"It looked cool, but it was kind of dumb." 
Sound familiar? You hear it far too often.

​The credits finish. The lights come up. What are most people talking about when they walk away from a theater or turn off a TV?

They're not talking about edit software or camera codecs. They're discussing the story. They are talking about the characters and the plot in which they were caught-up.

As writers and story editors this is our craft. This is where we eat and sleep.

We are the ones who need to deliver to the editors a clear story arc. All characters must advance. All subplots must feed the main. Every detail must perfectly convey the vision - realized or not - of everyone involved.

In a traditional television writer's room, staff writers and story editors are entry-level positions. That's not the case in documentary.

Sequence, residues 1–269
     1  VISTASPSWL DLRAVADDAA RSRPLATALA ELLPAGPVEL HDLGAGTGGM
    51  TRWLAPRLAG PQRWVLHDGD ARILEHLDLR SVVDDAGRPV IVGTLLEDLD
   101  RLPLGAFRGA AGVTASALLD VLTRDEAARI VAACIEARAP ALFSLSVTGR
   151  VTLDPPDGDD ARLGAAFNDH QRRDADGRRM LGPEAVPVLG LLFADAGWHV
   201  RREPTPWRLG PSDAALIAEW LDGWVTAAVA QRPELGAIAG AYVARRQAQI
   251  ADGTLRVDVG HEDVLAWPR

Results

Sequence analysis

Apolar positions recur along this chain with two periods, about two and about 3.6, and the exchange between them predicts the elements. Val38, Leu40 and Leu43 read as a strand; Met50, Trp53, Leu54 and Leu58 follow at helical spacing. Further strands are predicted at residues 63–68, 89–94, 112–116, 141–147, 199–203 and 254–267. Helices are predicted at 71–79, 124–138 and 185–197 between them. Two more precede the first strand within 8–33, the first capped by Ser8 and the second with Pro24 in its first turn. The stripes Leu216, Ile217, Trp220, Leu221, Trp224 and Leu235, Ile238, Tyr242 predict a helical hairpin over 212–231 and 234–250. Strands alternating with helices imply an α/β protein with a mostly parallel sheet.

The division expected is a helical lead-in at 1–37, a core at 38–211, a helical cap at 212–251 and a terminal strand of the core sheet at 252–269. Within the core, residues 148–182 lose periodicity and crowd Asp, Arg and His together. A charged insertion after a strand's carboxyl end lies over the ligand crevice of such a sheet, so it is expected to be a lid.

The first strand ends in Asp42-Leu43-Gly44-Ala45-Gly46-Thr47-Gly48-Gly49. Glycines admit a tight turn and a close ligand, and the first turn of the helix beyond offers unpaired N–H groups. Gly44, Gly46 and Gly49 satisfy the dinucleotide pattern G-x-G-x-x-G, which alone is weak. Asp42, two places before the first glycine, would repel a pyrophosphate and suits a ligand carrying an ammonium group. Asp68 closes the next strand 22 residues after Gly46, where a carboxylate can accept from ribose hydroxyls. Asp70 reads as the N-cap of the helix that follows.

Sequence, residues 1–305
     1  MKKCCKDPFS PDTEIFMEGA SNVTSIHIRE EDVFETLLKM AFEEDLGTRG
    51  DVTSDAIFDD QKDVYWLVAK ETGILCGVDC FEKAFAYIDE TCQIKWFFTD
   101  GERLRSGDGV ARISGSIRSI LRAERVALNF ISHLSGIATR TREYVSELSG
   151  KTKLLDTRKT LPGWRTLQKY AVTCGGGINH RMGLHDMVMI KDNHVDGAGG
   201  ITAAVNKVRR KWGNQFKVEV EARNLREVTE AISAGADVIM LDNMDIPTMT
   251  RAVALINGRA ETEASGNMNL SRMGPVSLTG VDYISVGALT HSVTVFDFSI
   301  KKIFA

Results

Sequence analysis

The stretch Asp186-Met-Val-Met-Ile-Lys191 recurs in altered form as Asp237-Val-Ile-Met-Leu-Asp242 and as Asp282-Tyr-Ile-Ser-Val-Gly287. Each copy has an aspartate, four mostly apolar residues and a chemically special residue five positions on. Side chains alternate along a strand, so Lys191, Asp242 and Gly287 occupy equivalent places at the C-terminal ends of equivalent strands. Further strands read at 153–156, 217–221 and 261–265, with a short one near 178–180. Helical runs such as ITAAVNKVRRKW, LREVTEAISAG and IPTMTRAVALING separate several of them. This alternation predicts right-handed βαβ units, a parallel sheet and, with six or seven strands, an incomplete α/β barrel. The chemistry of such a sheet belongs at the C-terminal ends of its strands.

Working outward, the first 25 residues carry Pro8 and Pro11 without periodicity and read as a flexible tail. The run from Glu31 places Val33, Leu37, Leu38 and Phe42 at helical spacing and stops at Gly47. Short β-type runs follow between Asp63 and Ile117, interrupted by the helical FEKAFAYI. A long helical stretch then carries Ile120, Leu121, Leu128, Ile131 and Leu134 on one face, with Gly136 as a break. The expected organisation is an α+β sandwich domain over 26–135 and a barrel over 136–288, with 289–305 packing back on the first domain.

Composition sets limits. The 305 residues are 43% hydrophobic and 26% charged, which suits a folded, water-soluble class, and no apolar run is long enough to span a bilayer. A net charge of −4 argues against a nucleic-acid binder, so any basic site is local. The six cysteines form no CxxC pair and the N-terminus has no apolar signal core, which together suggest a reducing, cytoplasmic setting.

With 26 years experience, Chris Bové works at a Co-Executive Producer level, sometimes writing or rewriting entire scripts, or contracting additional writers. He usually works with the director to create the strongest script possible before the shoot, or at least before the edit. 

Hiring a documentary writer / story editor helps develop concepts faster and greatly improves how a script "feels". It is the key to eliminating issues before they arise and creating a finished product that begs repeated viewings.

Even the worst case scenario demands great writing. Think of all the movies you've watched:

Bad Story + Great Cinematography = Flop

Great Story + Bad Cinematography = Cult Classic

Postproduction is expensive. Without a story editor you'll spend an eternity in the edit bay fixing a story that didn't survive the shooting process.